Laurent carefully closed the door behind him, and for a moment or two stood leaning against it, gazing round the apartment in anxiety and embarrassment.

A clear fire burned on the hearth, sending large sheets of light dancing on ceiling and walls. The room was thus lit-up by bright vacillating gleams, that in a measure annulled the effects of the lamp placed on a table in their midst. Madame Raquin had done her best to convey a coquettish aspect to the apartment. It was one mass of white, and perfumed throughout, as if to serve as a nest for young, fresh love. The good lady, moreover, had taken pleasure in adding a few bits of lace to the bed, and in filling the vases on the chimney-piece with bunches of roses. Gentle warmth and pleasant fragrance reigned over all, and not a sound broke the silence, save the crackling and little sharp reports of the wood aglow on the hearth.

Therese was seated on a low chair to the right of the chimney, staring fixedly at the bright flames, with her chin in her hand. She did not turn her head when Laurent entered. Clothed in a petticoat and linen night-jacket bordered with lace, she looked snowy white in the bright light of the fire. Her jacket had become disarranged, and part of her rosy shoulder appeared, half hidden by a tress of raven hair.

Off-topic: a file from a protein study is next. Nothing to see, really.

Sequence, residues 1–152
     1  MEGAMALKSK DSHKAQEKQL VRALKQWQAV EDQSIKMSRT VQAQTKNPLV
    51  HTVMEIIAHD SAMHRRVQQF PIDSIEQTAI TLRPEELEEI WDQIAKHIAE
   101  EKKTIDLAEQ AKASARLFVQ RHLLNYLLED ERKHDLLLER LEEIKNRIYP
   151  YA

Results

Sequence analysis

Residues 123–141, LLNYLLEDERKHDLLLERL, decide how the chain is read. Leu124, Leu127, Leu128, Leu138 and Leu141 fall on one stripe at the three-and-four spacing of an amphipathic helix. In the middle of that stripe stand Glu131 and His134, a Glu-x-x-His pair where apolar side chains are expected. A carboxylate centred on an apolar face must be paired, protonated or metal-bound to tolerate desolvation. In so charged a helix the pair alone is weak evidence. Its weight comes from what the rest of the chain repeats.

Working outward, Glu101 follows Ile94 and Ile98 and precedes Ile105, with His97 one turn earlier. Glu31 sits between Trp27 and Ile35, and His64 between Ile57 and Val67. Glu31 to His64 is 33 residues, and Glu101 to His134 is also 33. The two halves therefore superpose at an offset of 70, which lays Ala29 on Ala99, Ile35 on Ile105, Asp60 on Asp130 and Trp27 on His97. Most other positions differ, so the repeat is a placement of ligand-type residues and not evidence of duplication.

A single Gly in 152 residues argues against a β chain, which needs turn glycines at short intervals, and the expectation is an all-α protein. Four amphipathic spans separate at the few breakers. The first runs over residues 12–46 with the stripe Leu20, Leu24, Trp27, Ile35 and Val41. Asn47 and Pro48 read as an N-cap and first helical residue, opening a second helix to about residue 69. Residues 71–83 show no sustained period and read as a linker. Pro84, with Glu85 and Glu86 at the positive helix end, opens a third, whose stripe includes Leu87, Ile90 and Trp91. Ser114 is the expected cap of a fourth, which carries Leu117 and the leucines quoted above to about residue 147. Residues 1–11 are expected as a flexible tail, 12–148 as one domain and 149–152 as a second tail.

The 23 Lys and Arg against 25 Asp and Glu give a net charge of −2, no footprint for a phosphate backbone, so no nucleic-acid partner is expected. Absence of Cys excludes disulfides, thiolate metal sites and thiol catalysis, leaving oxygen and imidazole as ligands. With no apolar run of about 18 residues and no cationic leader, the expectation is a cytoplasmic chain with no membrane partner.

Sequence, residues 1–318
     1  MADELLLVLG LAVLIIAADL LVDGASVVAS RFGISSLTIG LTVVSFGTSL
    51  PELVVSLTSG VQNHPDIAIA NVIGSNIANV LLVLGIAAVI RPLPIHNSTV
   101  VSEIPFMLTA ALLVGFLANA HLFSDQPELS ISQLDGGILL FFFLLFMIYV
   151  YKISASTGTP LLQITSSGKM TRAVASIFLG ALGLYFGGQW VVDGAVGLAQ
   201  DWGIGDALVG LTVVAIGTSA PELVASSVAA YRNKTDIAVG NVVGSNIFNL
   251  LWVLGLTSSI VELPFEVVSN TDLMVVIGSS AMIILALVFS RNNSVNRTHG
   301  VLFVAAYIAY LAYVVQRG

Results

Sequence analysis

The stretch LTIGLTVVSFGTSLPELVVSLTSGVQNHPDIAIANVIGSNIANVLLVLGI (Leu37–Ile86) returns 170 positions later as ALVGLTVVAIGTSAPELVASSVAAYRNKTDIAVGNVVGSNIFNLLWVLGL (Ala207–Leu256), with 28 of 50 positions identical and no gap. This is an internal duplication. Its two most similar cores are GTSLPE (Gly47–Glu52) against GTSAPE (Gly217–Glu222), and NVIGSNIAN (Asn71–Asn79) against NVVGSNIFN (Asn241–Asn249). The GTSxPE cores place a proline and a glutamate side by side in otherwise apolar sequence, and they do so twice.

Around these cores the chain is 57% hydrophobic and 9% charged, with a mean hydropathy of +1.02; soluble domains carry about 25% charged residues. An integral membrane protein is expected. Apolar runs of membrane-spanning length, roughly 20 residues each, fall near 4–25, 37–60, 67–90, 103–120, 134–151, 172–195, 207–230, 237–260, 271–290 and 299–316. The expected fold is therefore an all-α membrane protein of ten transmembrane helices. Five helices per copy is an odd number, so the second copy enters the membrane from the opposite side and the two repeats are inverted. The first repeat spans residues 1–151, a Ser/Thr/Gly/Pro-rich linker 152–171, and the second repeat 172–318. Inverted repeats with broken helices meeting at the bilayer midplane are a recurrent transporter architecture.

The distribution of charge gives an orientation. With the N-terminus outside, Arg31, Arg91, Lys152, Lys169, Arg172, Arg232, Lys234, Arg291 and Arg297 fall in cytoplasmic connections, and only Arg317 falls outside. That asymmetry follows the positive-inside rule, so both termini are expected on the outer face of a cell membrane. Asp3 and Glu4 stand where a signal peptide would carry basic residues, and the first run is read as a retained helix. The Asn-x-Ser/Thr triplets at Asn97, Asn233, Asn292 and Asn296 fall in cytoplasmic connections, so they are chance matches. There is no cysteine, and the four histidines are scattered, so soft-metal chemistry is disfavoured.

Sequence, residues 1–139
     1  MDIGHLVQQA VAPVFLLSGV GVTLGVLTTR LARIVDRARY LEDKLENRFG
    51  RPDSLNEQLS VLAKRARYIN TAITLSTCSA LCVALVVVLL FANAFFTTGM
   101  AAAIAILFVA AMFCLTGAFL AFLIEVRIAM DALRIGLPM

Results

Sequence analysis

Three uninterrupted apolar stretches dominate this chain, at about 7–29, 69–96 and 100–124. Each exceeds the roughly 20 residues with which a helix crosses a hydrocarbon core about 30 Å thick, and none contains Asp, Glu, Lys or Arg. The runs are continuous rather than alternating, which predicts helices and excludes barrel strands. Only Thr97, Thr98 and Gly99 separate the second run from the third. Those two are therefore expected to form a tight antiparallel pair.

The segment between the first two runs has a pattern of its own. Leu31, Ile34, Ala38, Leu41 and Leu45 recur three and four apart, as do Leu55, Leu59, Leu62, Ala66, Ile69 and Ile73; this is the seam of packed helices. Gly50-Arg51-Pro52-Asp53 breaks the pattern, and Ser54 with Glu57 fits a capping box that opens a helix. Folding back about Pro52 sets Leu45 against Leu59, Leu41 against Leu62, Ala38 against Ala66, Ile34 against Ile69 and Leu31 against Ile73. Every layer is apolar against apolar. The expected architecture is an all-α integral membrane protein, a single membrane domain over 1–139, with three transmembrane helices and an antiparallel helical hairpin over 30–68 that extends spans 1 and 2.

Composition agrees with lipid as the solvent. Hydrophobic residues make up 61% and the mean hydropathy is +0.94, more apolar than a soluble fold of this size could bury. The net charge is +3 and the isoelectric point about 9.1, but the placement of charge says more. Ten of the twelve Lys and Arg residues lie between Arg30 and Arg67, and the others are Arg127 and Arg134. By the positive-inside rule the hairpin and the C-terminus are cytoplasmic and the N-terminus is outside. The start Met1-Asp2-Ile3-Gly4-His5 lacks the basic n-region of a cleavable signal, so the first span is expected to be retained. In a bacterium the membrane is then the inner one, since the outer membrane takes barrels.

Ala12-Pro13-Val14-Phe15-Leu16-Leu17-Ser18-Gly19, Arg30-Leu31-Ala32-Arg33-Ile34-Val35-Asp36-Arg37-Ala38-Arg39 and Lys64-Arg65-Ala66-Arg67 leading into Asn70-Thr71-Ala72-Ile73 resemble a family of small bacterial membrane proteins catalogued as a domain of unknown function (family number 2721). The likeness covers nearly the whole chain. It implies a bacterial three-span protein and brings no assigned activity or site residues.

Laurent advanced a few paces without speaking, and took off his coat and waistcoat. When he stood in his shirt sleeves, he again looked at Therese, who had not moved, and he seemed to hesitate. Then, perceiving the bit of shoulder, he bent down quivering, to press his lips to it. The young woman, abruptly turning round, withdrew her shoulder, and in doing so, fixed on Laurent such a strange look of repugnance and horror, that he shrank back, troubled and ill at ease, as if himself seized with terror and disgust.

Laurent then seated himself opposite Therese, on the other side of the chimney, and they remained thus, silent and motionless, for fully five minutes. At times, tongues of reddish flame escaped from the wood, and then the faces of the murderers were touched with fleeting gleams of blood.

It was more than a couple of years since the two sweethearts had found themselves shut up alone in this room. They had arranged no love-meetings since the day when Therese had gone to the Rue Saint-Victor to convey to Laurent the idea of murder. Prudence had kept them apart. Barely had they, at long intervals, ventured on a pressure of the hand, or a stealthy kiss. After the murder of Camille, they had restrained their passion, awaiting the nuptial night. This had at last arrived, and now they remained anxiously face to face, overcome with sudden discomfort.